I have the habit of checking my phone when Ellis wakes up to nurse in the night. I hit the home button this morning to light the screen and all I saw at first glance was that I had gotten a text from my dad. It was 3:30 in the morning. My heart sank. My dad never texts that late (or early, depending on how you look at it). Just on Saturday, I had received a text from him letting me know my grandma, his mom, was not doing well. She was hallucinating, seeing letters, and unable to converse. I knew this text wasn’t a good one.
My grandma passed away this morning. While my grandma was approaching 99 years old this fall, I’m still a little numb. This post is for me to begin moving beyond the initial shock of her death.
I know her faith in God was strong. I don’t remember ever really talking in depth about God or our beliefs, but His love was in her words and presence.
I’m sure the majority of people think they have the best grandparent(s). They’re wrong. My Grandma Wiley is in a category all her own. She made me feel like I was her favorite grandchild, always. Now that I’m older, I’m fairly convinced she made each of us grandkids feel that way, but I’ll always cherish how special she made me feel.
I never, ever felt judged or looked down upon by my grandmother. I’m not sure what she thought when she saw my first piercing, my first visible tattoo, or the years I struggled with depression/anxiety/disordered eating, but she didn’t let those thoughts (if negative or opposing) dictate her words or how she treated me. She always greeted me with love, affection, and acceptance. I knew she thought I was smart, and I never doubted her love for me.
I have many memories with her. My grandfather, her husband, and my grandparents on my mom’s side all died when I was still fairly young. I am thankful for all the years I was able to spend with her – all the opportunities to really know her. I’m thankful for the visits Norah had with her. I hope Norah always remembers how happy those electric wheelchair rides made both of them. I’m sad my grandma wasn’t able to meet Ellis. He’s such a bundle of joy; I’m sad she couldn’t share in that joy before passing.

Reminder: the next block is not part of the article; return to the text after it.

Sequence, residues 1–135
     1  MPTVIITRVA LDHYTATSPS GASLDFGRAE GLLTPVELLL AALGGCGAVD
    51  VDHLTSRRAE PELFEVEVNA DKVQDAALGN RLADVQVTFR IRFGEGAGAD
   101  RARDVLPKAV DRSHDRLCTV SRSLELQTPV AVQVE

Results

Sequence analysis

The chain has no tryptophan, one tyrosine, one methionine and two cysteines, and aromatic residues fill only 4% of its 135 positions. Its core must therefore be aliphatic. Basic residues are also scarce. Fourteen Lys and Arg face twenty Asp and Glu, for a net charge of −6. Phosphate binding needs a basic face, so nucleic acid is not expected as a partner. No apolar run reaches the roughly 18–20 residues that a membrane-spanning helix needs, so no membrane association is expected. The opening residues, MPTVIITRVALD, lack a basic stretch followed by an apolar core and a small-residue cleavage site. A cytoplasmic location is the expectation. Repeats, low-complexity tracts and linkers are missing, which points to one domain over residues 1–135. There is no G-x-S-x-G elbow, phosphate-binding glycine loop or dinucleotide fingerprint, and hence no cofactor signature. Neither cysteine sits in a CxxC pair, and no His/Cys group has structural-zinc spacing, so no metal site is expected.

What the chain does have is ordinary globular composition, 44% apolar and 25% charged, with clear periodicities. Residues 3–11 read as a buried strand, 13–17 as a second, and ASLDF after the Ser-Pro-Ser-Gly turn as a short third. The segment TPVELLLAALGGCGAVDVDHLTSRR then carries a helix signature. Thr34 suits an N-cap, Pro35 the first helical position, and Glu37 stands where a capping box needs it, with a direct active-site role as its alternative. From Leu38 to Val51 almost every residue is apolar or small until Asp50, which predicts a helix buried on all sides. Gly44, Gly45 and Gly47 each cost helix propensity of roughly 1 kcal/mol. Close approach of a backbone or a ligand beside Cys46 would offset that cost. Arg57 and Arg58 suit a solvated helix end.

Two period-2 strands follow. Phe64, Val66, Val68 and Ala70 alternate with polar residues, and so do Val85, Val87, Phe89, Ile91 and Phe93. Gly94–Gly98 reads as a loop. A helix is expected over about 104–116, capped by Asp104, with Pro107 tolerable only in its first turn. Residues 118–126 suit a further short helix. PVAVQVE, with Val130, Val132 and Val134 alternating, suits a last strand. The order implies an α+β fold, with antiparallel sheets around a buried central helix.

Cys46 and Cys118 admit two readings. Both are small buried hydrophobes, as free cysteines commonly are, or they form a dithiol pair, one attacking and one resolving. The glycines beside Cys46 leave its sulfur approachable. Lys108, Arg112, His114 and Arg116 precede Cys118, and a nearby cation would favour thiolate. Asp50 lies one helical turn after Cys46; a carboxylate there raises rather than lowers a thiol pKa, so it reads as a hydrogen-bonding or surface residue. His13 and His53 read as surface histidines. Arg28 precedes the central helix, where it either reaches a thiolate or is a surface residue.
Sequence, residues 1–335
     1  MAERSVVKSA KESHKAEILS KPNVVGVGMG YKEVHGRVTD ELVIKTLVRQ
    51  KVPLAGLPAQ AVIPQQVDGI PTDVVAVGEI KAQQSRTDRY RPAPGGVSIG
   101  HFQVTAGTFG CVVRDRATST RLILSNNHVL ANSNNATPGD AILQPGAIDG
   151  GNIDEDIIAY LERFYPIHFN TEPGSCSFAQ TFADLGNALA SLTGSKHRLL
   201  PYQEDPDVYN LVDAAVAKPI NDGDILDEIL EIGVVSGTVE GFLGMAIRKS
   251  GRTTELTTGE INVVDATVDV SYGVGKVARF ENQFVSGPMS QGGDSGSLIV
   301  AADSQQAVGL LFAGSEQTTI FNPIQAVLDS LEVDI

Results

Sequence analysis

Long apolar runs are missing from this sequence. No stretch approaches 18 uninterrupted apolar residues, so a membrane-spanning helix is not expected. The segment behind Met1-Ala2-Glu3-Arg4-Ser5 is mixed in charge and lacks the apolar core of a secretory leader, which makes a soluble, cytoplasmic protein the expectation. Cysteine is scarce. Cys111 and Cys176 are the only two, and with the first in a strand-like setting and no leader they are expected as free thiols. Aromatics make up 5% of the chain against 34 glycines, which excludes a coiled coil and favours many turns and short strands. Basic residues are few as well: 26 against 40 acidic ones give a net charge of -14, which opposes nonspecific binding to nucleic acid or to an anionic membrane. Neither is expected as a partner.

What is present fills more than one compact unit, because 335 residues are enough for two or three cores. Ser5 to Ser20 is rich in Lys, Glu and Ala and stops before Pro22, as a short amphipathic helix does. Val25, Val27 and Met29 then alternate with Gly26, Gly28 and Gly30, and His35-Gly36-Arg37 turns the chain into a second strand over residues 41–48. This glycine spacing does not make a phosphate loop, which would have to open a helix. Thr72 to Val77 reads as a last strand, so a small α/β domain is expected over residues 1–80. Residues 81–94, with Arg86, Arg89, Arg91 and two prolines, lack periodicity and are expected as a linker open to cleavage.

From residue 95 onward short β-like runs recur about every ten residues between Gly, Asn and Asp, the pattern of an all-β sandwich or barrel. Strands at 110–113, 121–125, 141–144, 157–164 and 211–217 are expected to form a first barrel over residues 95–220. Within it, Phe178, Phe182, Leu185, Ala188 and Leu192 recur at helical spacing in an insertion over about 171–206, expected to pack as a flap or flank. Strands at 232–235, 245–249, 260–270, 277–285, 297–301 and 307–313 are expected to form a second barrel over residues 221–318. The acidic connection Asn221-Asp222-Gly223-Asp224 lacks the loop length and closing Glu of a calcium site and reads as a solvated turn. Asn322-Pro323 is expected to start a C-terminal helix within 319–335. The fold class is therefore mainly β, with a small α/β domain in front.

Years ago (I’ve lost count), I gave her a metal token, about the size and shape of a quarter. Right now, no matter how hard I try, I can’t remember what it said. But every time I saw her after I gave it to her, she would pull it out of her pocket and say something to the extent of, “I keep it with me always.” I can’t help but wonder if it was with or near her this morning.
As time passes, I know memories with her will pop up here and there. There are many photos of her at my parent’s house; I wish I had them now. Some memories stand out in this moment, many having to do with the farm where her and my grandfather used to live:
- Me, so very small, standing next to her at the kitchen counter. She used a roll of tape to clean all the cat hair off of my blanket. Her cat, Buffy, and I were best friends during that visit.
- Her homemade applesauce! I don’t know what she did to it, but I’ve always thought it was de-lish.
- Rides on the wooden swing under the big tree next to their house.
- Walks down to the pond.
- Christmas family gatherings.
- The outdoor kittens she would let me chase and play with.
- Her handing me a fly swatter so I could kill all the flies on the red deck.
- Her hugs. They weren’t reserved or weak. You could feel her love. And always accompanied by a kiss on the cheek.
- The blankets she would crochet for her kids, grandkids, and great grandkids.
- Me avoiding at all costs to go down into the scary farmhouse basement with her. Turns out my fears were rational. If I remember correctly, it took three men to carry out a snake they had discovered while preparing the farm for auction. BLEH!
- My wedding day. I prayed many times that she would be alive and present for my wedding day.
- Meeting Norah Ruth. After my wedding day, my prayers shifted to her being alive and present for meeting my kid(s). Norah’s middle name comes from her and Marshall’s grandmother.
- Her being strong, even through the tears, when they had to sell the farm and move to an assisted-living facility.
- Her handwriting. Loved seeing it on an envelope in the mail.
Grandma Wiley, I love you. I hope you know I meant that every single time I said it to you. You brought more of God to this place and touched many people with your love and sincere kindness. I won’t pretend to know what Heaven is like, but I hope you are there now. I will miss you.